Freeman

May 1968

Volume 18, 1968

FEATURES

Freedom: "The Wave of the Future"?

MAY 01, 1968 by EDWARD P. COLESON

The history of great movements, from the planting of an idea until its flowering as a major force among men, suggests that around the next corner may be the age of freedom.

The Price Is Not Right

MAY 01, 1968 by JESS RALEY

Something for nothing invariably costs too much.

Statistics and Poverty

MAY 01, 1968 by HARRY L. SMITH

There is no statistical or governmental way to eliminate a "lower third" from any society, but their lot can be vastly improved through freedom.

How Welfarism Has Led to Britain's Troubles

MAY 01, 1968 by ANTHONY LEJEUNE

A friend from Britain advises Americans to reject the welfare state before suffering its inevitable consequences.

The Rise and Fall of England: 3. Political Foundations of Liberty

MAY 01, 1968 by CLARENCE B. CARSON

A review of political steps taken to establish and safeguard the rights of the individual and limit the powers of government.

Making Travel a Crime

MAY 01, 1968 by WILLIAM HENRY CHAMBERLAIN

A government that can deny a peaceful citizen's freedom to move is well along toward absolute tyranny.

A Sure-Fire Remedy

MAY 01, 1968 by LEONARD E. READ

To overcome one's socialistic urge requires only that he take his own medicine to its logical conclusion.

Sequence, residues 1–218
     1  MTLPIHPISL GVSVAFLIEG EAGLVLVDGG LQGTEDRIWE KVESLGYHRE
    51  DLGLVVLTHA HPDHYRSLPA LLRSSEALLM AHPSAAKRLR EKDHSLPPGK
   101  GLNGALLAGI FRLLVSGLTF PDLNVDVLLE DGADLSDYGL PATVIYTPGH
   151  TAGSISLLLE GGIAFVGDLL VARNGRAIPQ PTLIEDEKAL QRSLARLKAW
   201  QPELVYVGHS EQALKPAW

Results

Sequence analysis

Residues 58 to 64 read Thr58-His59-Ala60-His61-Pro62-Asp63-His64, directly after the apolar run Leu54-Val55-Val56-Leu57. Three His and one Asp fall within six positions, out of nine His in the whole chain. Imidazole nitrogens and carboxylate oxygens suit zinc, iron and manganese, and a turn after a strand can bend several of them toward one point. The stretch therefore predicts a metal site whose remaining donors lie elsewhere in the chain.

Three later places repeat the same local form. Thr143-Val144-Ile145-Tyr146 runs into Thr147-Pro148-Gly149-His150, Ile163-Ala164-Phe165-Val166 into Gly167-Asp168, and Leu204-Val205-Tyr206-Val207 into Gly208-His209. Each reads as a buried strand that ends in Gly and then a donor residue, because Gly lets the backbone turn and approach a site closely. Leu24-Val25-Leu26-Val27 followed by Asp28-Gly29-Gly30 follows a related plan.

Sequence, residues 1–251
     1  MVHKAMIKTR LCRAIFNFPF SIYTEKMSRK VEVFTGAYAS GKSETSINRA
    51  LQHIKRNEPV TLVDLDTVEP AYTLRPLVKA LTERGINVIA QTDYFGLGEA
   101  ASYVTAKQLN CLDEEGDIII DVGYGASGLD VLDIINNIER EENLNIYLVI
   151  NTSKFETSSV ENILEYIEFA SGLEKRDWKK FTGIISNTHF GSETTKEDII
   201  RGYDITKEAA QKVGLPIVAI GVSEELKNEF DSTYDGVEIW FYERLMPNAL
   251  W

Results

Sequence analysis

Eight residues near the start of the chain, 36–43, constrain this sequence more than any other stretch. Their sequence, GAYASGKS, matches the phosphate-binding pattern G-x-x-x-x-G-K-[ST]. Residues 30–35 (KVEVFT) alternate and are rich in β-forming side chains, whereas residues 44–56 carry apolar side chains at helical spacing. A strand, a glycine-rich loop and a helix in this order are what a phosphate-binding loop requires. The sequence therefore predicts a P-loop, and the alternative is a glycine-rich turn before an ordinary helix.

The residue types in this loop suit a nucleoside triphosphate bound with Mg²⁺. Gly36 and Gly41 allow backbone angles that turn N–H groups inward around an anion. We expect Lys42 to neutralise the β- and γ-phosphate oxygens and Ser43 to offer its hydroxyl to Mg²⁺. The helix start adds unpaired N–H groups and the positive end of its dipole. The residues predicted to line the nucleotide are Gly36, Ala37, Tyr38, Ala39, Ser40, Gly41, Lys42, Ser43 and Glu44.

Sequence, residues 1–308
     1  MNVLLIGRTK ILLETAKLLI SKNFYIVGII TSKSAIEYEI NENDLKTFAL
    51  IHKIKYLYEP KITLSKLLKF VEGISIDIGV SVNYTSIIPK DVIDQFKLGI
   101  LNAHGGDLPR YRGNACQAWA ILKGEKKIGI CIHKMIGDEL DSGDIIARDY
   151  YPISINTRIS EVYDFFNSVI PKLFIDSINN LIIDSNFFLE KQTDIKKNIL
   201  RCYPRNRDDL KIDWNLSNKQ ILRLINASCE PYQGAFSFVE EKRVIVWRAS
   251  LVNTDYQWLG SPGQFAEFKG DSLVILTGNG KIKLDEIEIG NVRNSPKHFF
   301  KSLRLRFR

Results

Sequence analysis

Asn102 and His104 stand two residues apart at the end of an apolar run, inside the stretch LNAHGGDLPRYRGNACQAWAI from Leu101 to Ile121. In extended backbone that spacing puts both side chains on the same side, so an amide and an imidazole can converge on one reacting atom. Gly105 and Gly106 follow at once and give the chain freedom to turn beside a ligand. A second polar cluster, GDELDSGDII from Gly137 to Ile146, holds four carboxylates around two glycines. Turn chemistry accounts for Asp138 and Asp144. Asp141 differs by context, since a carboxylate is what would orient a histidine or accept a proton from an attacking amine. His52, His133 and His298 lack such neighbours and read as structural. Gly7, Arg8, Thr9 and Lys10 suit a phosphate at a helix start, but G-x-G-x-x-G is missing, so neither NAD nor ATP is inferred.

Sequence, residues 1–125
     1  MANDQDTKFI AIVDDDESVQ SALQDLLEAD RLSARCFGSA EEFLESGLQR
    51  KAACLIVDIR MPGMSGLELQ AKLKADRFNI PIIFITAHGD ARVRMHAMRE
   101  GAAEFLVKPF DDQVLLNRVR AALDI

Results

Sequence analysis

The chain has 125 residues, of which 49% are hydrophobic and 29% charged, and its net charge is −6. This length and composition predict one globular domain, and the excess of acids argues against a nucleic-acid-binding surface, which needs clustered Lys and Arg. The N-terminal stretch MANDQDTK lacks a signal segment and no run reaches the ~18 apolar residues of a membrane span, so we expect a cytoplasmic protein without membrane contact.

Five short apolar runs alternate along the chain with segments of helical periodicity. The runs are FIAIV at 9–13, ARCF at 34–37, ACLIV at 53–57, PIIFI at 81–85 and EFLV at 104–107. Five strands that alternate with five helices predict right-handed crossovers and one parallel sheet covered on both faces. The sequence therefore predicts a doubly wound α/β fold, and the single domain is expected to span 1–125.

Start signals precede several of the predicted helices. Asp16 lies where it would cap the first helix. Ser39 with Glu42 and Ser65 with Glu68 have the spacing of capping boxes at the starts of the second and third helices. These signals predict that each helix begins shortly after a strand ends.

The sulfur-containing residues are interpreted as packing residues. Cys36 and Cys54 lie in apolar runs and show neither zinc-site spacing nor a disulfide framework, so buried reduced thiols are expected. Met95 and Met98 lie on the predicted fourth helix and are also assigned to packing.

A Lesson in Time

MAY 01, 1968 by JOHN O. NELSON

The United States government literally didn't know what time it was until private enterprise fixed the clock.

Equality?

MAY 01, 1968 by EDWARD Y. BREESE

Equal opportunities to different persons yield unequal results.

A Reviewer's Notebook - 1968/5

MAY 01, 1968 by JOHN CHAMBERLAIN


"The World of Andrew Carnegie" by Louis M. Hacker

"The Balance of Payments: Free vs. Fixed Exchange Rates" by Milton Friedman and Robert V. Roosa

"The Last Hero: Charles A. Lindbergh" by Walter S. Ross


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November 2014

It's been 40 years since F. A. Hayek received his Nobel Prize. His insights, particularly on the distribution of knowledge and the impossibility of economic planning, remain hugely important today. In this issue, we look back on the influence of his work. Max Borders and Craig Biddle debate whether liberty must be defended from one absolute foundation, further reflections on Scottish secession, and how technology is already changing our world for the better--including how robots, despite the unease they cause, will only accelerate this process.
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